Eight months after paying off an adjustable-rate loan on a Deltona, Fla., vacation home, Katherine Lee could not rid herself of a nagging feeling that something was not quite right.
The Baltimore resident decided to act on her suspicions by hiring the Gaithersburg, Md., loan auditing firm Loantech to check over the paperwork on the $78,900 adjustable-rate mortgage (ARM) she and her husband had obtained in 1983.
Loantech concluded that the lender had failed to correctly apply extra payments made toward reducing the principal balance. The bank had overcharged her by $3,500, and she is now seeking a refund.
Typically consumers hire loan auditors to examine existing loans. Recently, though, a growing number of ex-ARM borrowers, including the surging numbers who are refinancing out of ARMs and into fixed-rate loans, are exhuming their old mortgages, with the help of a loan auditor, for a second look.
"If you do not check it out you will never know and then that money is gone forever," said Loantech president David I. Ginsburg.
Apparently, there are plenty of junked ARMs ripe for excavation. At the beginning of the year, 75% of borrowers opted for some type of fixed-rate loan when refinancing an ARM funded by the Federal Home Loan Mortgage Corp. (Freddie Mac), a major supplier of mortgage capital for lenders.
Several loan auditing firms contacted said they find errors in a quarter to half of the loans they scrutinize.
State contract law generally dictates how long borrowers have to seek redress of an error, said John Geddes, president of Consumer Loan Advocates, a Lake Bluff, Ill., loan auditing firm. The statute of limitations runs from three to 10 years, he said.
Better yet, some legal experts believe the statute of limitation in these matters starts running from the time an error is discovered, Geddes said.
Even small errors add up quickly, Ginsburg said. For example, a lender who used an incorrect index value and then employed a rounding method other than that specified in the mortgage contract can easily overcharge a borrower $50 a month on a $100,000 loan, he said.
Loan auditor Marie McDonnell said believes she has uncovered a whole other area of ARM errors that go beyond mathematical miscues. A subsidiary of the Dime Savings Bank of New York, McDonnell charged, originated $174 million of ARMs in New Hampshire in violation of state law prohibiting negative amortization or interest paid on interest. In those cases, the principal loan balance increases instead of decreases because the monthly payment is insufficient to cover all of the interest charged so the unpaid interest is added on to the principal balance.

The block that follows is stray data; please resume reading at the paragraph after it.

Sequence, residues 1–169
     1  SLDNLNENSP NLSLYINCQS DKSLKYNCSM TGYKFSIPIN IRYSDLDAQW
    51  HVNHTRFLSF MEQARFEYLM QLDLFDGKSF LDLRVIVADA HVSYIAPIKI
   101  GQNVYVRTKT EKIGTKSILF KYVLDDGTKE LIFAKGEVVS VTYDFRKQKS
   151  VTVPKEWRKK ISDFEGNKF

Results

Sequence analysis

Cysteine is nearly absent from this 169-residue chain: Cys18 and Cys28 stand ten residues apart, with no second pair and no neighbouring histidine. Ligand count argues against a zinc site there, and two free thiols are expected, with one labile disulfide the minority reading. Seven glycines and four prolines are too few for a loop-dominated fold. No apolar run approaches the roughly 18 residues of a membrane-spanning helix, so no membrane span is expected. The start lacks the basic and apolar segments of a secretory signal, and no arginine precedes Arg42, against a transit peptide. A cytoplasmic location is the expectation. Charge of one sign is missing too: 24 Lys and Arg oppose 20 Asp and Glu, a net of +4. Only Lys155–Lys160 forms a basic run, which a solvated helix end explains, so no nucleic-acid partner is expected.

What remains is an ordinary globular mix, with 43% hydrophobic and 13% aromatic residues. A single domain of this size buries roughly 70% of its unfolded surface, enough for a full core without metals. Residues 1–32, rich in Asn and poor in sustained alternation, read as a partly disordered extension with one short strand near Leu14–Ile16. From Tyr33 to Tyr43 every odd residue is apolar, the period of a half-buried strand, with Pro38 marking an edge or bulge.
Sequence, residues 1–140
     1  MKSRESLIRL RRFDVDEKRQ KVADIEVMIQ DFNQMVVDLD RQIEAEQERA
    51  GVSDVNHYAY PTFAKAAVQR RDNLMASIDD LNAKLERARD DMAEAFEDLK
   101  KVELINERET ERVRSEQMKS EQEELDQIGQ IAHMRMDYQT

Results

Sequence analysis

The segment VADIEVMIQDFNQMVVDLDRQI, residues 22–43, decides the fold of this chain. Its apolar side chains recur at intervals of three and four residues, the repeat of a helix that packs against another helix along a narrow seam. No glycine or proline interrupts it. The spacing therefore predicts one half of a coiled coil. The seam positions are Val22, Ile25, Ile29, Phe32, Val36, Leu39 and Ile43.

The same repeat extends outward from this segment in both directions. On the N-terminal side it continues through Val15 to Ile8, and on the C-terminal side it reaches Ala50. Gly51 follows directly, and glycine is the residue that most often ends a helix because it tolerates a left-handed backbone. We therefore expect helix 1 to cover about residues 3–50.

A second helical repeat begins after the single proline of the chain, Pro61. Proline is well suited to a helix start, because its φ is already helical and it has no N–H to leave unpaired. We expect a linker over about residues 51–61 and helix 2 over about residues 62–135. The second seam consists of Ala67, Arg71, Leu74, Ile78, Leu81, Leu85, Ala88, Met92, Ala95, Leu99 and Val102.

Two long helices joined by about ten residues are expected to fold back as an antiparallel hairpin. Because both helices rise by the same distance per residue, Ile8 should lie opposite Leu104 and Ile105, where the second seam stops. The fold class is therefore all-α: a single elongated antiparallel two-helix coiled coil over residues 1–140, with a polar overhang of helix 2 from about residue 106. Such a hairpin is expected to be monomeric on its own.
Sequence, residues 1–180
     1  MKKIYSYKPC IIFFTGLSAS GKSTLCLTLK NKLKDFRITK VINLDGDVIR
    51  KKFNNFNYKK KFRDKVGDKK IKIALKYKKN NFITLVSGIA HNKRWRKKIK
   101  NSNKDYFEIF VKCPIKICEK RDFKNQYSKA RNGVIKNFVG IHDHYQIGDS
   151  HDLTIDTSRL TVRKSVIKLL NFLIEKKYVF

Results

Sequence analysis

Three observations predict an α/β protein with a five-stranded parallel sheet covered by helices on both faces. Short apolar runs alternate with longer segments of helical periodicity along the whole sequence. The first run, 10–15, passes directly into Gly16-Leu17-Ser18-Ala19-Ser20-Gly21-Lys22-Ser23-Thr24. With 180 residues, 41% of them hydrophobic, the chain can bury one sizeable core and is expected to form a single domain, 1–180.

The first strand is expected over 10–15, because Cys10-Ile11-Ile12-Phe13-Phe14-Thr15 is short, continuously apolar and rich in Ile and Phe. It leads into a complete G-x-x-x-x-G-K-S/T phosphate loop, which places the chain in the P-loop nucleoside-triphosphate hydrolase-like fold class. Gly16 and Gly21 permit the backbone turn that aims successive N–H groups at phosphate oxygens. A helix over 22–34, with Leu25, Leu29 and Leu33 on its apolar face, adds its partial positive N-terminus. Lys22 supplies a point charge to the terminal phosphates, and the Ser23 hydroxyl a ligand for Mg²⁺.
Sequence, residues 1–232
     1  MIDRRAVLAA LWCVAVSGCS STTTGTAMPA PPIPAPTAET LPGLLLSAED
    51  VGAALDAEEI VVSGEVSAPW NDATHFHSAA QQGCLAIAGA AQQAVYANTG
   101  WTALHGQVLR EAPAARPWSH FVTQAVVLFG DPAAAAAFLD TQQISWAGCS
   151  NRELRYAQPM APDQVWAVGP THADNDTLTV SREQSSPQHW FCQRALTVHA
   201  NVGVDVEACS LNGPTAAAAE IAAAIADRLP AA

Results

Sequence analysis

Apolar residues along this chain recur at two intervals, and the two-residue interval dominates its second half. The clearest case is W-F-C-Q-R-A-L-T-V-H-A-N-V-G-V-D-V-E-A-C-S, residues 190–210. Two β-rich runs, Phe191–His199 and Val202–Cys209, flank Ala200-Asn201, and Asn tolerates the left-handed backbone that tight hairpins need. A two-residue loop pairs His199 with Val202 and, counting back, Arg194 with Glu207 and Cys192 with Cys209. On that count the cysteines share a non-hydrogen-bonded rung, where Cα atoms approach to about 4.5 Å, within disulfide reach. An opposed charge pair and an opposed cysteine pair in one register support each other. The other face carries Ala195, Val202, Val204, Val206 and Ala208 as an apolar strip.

McDonnell, owner of the Mortgage Counselor in Orleans, Mass., said she is pursuing similar problems for borrowers with ARMs from the Dime in other Eastern Seaboard markets.
Dime Savings Bank spokesman David Totaro denied the accusation, saying the bank "continues to believe it acted properly in all respects during the time we were making residential loans in New Hampshire."
For about $100, suspicious borrowers can order a loan autopsy from any one of the auditing services that have sprung up in recent years and operate across the nation. Less expensive do-it-yourself books are also available from two of the auditing firms.
Verifying the accuracy of the interest rate calculations for an ARM starts with the mortgage note and any riders or addendums. Those documents lay out the terms of the loan, including the initial payment rate, initial payment date, initial payment amount, a schedule or rate change dates, the definition of the index used, the margin added to the current index value to determine the new interest rate, the rounding method used and the periodic and lifetime caps or floors on interest rate changes.
However, the greatest potential for lender error arises with how the interest rate changes are calculated, Ginsburg said. The rate change notices supplied by the lender provides one way to double-check the process.
Borrowers who have not saved those notices can request copies of the documentation from lenders, who are required to keep at least two years worth of those records by federal financial regulators, Geddes said.
The same information is contained in the loan payment histories accompanying the pay-off balance computed by the old lender when a borrower refinances, said Robert Fryer, a principle in LoanChek, a San Diego-based loan audit outfit.
To request a refund, Richard Roll, president of Mortgage Monitor in Norwalk, Conn., suggests writing to the lender and pointing out that the letter constitutes a "qualified written request" under the Cranston-Gonzalez Affordable Housing Act. The law, passed in 1990, gives a lender 20 days to acknowledge the letter and 60 days to correct the problem.
\o7 Lehman is a Washington, D.C., free-lance writer on real estate topics.\f7
Here are several firms that perform audits of adjustable-rate loans to determine if a borrower has been charged the proper amount: